Words for the Wild | Reflections from Deuteronomy

Words for the Wild | Reflections from Deuteronomy

by Leo Schuster

Filmmaker David Lynch said, “the whole world is wild at heart.” We’re all then, in a sense, people of the wild. And there’s no better place to turn for help than the book in the Bible written specifically for people who had spent their entire life wandering in the wilderness: Deuteronomy. 

Since he quoted it more often than any other book in the Old Testament, Deuteronomy was likely Jesus’ favorite book in the Bible. I’m excited our first sermon series of the 2019–2020 ministry year is a study in this exceptional piece of ancient literature. Literally “second law” in Greek, Deuteronomy is a captivating retelling of the history of God’s dramatic deliverance of his people from Egypt, their wanderings in the wilderness, and a message to the new generation as they prepared to enter the land of promise. 

Deuteronomy was originally a series of Moses’ farewell speeches. He spoke to those who had been born during Israel’s forty years of wandering in the wilderness. They were children of the wilderness—people of the wild. Moses spoke strong words of expectation to them, couched within a warmhearted framework of love.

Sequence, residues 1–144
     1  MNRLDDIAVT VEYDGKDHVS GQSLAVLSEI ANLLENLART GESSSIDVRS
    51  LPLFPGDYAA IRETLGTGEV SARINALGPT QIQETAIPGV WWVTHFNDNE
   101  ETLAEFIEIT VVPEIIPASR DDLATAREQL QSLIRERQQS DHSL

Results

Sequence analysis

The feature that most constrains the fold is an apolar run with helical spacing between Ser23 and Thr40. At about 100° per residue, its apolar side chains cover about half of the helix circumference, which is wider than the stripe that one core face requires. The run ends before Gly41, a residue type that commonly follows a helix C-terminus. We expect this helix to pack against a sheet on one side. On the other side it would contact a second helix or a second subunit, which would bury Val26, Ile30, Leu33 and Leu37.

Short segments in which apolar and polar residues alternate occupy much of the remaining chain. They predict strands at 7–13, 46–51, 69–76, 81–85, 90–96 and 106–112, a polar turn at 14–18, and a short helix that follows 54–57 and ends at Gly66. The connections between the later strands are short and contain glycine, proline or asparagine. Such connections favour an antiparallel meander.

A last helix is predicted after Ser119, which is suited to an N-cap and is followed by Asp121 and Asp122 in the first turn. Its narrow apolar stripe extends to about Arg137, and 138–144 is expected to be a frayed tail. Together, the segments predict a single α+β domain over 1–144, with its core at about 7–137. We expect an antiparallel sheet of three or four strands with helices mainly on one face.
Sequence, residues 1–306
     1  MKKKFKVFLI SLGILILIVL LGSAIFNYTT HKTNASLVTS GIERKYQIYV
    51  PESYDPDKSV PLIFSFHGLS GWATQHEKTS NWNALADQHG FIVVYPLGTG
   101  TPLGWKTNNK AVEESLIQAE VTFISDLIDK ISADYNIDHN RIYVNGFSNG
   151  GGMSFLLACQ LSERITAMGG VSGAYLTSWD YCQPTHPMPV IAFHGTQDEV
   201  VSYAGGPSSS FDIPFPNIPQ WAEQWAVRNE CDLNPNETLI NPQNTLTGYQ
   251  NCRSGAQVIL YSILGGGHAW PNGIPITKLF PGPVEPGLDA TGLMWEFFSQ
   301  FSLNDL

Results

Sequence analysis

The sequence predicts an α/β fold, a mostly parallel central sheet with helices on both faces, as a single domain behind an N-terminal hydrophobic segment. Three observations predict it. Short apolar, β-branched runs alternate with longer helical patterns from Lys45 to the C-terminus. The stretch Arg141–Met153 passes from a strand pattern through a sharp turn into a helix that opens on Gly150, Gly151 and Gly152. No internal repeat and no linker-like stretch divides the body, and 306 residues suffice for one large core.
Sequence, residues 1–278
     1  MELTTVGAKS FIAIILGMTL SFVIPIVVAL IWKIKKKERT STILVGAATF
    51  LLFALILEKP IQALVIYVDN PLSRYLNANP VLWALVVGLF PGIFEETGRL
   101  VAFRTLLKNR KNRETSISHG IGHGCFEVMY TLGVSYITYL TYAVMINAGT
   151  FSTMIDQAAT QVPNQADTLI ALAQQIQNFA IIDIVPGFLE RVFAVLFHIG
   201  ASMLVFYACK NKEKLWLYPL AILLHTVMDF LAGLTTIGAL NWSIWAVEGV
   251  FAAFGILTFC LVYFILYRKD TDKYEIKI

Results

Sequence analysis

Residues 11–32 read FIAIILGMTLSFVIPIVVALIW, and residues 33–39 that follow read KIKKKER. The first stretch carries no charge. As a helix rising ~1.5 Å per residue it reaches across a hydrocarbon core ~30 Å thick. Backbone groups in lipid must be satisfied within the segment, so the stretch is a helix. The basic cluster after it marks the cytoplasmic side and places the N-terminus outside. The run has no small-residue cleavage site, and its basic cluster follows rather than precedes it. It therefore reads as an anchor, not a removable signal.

Love is a dominant idea in these words Moses spoke for those in the wild. When Jesus was asked what the greatest commandment of all was, he quoted from one of Deuteronomy’s central passages: “Love the Lord your God with all your heart and with all your soul and with all your mind” (Matthew 22:37; Deuteronomy 6:5). Not only was this ancient truth fresh and compelling to those in Moses’ and Jesus’ day, it has the capacity to speak across the ages in a life-transforming manner to modern people today, because “the whole world is wild at heart.”